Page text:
An Old Whig III (Pennsylvania)

October 20, 1787

“Great men are not always wise,” they have their seasons of inattention, and their moments of frailty and error, in which it is too evident, they are not wholly exempted from the infirmity of human nature. We ought not therefore implicitly to approve and admire, without examination, every act that proceeds even from the best and wisest of mankind. The proposed new plan of federal government, is undoubtedly the work of some of the ablest and best men in this country; but yet we are not, for that reason only, to believe that it is free from imperfection. The convention themselves inform us that the constitution which they offer to us, is the effect of mutual accommodations and concessions, in which mode it is certain that the best and wisest propositions are not always those which are adopted. Indeed it appears to me that, after all the time which has been spent in this business, the convention at the close of their session have been glad to lay hold of any system in which a majority could possibly concur, so as not to separate without doing any thing; and that the model of government now before us, is at least the work of haste and inattention. To be convinced of this, let us turn again to the sixth article, which I have referred to in the close of my last letter. By this article, not only the “proposed constitution and laws of the United States, which shall be made in pursuance thereof;” but also “all treaties made or which shall be made under the authority of the United States, shall be the supreme law of the land; and the judges in every state shall be bound thereby, any thing in the constitutions or laws of any state to the contrary notwithstanding.”—The power of making treaties is vested in the president, with the concurrence of two thirds of the senators present; so that the president and two thirds of the senate have power to make laws in the form of treaties, independent of the legislature itself. If Great Britain, for instance, were willing to enter into a treaty with us, upon terms which would be inconsistent with the liberties of the people and destructive of the very being of a Republic, the consent of our president for the time being, and of two thirds of the senators present, even though the senators present should be but a very small part of the senate, will give such a treaty the validity of a law. What power will there be anywhere to prevent this?—None.—Where all power legislative and executive is vested in one man or one body of men, treaties are made by the same authority which makes the laws; but where the legislature is extinct [sic] from the executive, the approbation of the legislature ought to be had, before a treaty should have the force of a law; and even in England the parliament is constantly applied to for their sanction to every treaty which tends to introduce an innovation or the slightest alteration in the laws in being, the law there is not altered by the treaty itself; but by an act of parliament which confirms the treaty, and alters the law so as to accommodate it to the treaty. The King in council has no such power. The only answer which can be made to this objection, which is so obvious, to the power given by the proposed constitution to the executive of making treaties, which shall be the “supreme law of the land,” is, that it is not to be supposed they will abuse such power.—But yet we find that men in all ages have abused power, and that it has been the study of patriots and virtuous legislators at all times to restrain power, so as to prevent the abuse of it.—What then ought to be done, it may be asked.—Are treaties to be sent to all the different state legislatures for their approbation? By no means. But no treaty ought to be suffered to alter the law of the land, without the consent of the continental legislatures; the powers of the continental legislatures ought to be exactly defined; and there ought to be a bill of rights firmly established, which neither treaties nor acts of the legislature can alter.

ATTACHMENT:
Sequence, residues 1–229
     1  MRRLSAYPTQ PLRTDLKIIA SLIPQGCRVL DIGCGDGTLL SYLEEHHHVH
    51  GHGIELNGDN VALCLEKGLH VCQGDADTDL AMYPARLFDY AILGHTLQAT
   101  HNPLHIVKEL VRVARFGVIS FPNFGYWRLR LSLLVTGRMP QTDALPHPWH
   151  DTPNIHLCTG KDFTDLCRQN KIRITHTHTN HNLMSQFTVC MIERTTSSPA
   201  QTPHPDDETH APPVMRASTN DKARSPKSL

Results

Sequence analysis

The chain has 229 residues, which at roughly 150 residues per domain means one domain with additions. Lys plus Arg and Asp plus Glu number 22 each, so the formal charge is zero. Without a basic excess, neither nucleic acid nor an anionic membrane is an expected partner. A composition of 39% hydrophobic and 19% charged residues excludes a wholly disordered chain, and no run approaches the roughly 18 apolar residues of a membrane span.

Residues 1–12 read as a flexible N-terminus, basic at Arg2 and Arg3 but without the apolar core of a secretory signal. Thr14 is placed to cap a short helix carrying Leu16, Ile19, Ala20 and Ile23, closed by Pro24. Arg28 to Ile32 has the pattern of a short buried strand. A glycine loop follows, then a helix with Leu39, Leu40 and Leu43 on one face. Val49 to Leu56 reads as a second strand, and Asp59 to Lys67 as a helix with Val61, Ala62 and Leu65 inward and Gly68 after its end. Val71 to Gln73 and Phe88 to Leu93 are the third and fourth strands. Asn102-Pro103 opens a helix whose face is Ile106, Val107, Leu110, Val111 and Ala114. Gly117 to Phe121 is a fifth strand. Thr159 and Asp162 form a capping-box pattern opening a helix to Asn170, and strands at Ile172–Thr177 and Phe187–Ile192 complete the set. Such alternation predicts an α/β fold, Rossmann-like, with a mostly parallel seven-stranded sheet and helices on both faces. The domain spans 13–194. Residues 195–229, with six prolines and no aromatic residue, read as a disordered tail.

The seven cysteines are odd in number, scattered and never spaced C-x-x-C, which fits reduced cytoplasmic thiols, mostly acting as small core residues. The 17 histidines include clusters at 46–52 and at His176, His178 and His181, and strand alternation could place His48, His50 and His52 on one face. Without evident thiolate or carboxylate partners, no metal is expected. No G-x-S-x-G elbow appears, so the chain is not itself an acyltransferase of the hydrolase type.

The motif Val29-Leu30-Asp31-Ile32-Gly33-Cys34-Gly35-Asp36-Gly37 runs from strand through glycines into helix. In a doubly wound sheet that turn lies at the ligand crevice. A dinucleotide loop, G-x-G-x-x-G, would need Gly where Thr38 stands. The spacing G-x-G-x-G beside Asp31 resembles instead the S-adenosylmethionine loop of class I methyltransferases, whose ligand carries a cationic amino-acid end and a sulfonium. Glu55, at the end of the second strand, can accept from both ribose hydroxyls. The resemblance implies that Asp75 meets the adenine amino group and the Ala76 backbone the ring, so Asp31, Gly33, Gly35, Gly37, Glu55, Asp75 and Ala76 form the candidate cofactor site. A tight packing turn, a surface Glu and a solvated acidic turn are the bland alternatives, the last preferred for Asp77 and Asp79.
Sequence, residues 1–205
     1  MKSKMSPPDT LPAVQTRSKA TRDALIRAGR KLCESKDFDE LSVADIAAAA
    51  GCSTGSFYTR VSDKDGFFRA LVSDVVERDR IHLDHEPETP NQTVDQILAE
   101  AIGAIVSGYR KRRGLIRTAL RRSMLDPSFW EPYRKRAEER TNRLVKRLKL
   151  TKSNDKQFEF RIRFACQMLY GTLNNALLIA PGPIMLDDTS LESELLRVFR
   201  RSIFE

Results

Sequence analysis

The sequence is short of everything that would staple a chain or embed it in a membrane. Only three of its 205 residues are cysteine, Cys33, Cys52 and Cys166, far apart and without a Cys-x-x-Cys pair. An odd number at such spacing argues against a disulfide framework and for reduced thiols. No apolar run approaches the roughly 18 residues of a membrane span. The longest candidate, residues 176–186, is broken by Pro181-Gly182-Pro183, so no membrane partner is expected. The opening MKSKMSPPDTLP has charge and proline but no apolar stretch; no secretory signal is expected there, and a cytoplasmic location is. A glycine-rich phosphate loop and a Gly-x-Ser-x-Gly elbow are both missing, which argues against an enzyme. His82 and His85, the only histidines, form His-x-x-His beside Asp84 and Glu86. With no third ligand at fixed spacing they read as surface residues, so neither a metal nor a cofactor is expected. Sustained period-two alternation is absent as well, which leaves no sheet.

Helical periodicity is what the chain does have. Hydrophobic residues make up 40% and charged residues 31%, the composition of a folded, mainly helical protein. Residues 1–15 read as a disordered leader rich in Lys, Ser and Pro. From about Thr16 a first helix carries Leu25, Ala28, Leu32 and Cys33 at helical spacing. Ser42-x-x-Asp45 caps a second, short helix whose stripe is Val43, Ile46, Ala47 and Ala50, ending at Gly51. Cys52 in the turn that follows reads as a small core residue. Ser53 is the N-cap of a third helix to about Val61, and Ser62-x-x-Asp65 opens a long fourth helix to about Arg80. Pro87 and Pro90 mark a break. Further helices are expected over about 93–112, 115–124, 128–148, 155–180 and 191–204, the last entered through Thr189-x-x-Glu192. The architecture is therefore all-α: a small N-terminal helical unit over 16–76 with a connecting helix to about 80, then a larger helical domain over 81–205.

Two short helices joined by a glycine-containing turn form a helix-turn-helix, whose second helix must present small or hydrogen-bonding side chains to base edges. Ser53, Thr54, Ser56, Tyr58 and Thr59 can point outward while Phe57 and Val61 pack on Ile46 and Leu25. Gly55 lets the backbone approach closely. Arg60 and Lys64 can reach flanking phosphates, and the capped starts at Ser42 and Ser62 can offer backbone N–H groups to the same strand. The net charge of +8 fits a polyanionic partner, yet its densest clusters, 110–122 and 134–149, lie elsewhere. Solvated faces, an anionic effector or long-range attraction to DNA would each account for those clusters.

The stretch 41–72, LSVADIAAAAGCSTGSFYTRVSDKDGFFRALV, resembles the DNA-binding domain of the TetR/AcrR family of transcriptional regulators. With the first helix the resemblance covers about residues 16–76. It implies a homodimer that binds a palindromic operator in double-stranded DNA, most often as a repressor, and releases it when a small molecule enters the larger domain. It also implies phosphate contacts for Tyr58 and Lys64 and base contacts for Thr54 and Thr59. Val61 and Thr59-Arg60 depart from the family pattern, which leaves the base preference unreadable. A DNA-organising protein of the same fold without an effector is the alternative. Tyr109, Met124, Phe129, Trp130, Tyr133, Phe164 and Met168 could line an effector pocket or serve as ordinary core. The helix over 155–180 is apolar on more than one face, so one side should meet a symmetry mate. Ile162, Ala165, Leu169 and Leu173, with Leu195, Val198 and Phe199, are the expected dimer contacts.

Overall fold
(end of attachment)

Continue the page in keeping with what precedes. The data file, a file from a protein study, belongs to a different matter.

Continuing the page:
Let us however give fair play to the answer which has been attempted to be given to this Objection. The author of the speech tells us, that a bill of rights would have been superfluous and absurd; because “no powers are given to Congress but what are expressly given;” and “that we shall still enjoy those privileges of which we are not divested either by the intention or the act that brought that body into existence.—For instance, the liberty of the press.—What controul can proceed from the federal government to shackle or destroy that sacred palladium of national freedom?”—What controul!—Suppose that an act of the continental legislature should be passed to restrain the liberty of the press;—to appoint licensers of the press in every town in America;—to limit the number of printers;—and to compel them to give security for their good behaviour, from year to year, as the licenses are renewed: If such a law should be once passed, what is there to prevent the execution of it?—By the sixth article of the proposed constitution, this act of the continental legislature is “the supreme law of the land; and the judges in every state shall be bound thereby, ANY THING IN THE CONSTITUTION OR LAWS OF ANY STATE TO THE CONTRARY NOTWITHSTANDING.”—Suppose a printer should be found hardy enough to contravene such a law when made, and to contest the validity of it.—He is prosecuted we will suppose, in this state—he pleads in his defence, that by the constitution of Pennsylvania, it is declared “that the freedom of the press ought not to be restrained.”—What will this avail him? The judge.will be obliged to declare that “nothwithstanding the constitution of any state,” this act of the continental legislature which restrains the freedom of the press, is “the supreme law; and we must punish you-The bill of rights of Pennsylvania is nothing here. That bill of rights indeed is binding upon the legislature of Pennsylvania, but it is not binding upon the legislature of the continent.” Such must be the language and conduct of courts, as soon as the proposed continental constitution shall be adopted.